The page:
Nigerian Criminal Jurisprudence: Proliferation of Criminal Laws Opens Pandora’s Box?
Keywords:Crimes, Crime Control, Criminal legislation, Criminal Prosecution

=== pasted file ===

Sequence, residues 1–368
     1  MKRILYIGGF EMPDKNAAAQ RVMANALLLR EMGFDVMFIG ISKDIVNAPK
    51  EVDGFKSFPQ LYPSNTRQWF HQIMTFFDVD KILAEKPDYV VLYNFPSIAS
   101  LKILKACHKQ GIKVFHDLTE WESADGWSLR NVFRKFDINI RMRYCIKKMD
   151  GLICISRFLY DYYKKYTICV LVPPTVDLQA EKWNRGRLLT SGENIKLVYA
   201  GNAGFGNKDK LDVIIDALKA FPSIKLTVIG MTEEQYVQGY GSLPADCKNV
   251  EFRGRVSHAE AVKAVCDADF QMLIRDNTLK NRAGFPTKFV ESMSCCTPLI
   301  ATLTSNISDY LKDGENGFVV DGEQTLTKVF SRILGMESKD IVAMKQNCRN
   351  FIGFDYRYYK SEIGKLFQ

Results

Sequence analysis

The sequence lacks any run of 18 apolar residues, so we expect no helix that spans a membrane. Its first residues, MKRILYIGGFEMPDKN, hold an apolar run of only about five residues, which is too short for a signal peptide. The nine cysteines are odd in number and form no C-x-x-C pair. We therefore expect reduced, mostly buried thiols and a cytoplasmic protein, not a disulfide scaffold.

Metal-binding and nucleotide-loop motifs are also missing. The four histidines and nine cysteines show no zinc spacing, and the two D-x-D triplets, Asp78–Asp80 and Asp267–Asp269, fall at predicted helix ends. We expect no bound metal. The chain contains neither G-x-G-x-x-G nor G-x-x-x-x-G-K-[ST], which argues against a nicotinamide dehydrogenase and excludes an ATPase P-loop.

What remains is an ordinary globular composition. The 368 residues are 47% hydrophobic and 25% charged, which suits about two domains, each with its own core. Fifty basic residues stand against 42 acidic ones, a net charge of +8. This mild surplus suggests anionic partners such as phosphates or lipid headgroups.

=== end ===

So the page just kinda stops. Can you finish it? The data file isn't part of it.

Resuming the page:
The upsurge of criminalities across Nigeria in recent years is overwhelmingly alarming. The despicable acts of terrorism, banditry, rape, hostage taking, kidnapping, torture, armed robberies, and general violence against persons within the country over the years have forced many to accept the fate as the new normal. Paradoxically, while Nigerians keep witnessing unabated upticks of criminalities ravaging the country, the National Assembly is contemporaneously proliferating criminal laws which are apparently nomenclatural variance devoid of practical and jurisprudential substance. Between 2011 and 2021, the National Assembly had enacted and amended different criminal laws which never had any commensurate positive effects in curbing the rampant criminalities in the country. This article is an overview of the jurisprudential and practical values of: Terrorism (Prevention) (Amendment) Act, 2013; Prevention of Crimes (Amendment) Act, 2016; Violence against Persons (Prohibition) Act, 2015; Same Sex Marriage (Prohibition) Act, 2013; Anti-torture Act, 2017; Compulsory Treatment and Care of Victims of Gunshot Act, 2017 and Nigeria Police Act, 2020. It founds that the proliferations rather opens Pandora’s Box by creating more conflict of laws; jurisdictional challenges and prosecutorial difficulties which expose escape loopholes for obvious criminals. The article recommends, inter alia, concerted efforts in training Nigerian criminal law practitioners and security agencies to galvanize toward effective applications and enforcement of these criminal laws. The article concludes that the spiral of criminalities in Nigeria require more formidable measures than volumes of enacted laws. Hermeneutical and comparative approaches constitute our methodology.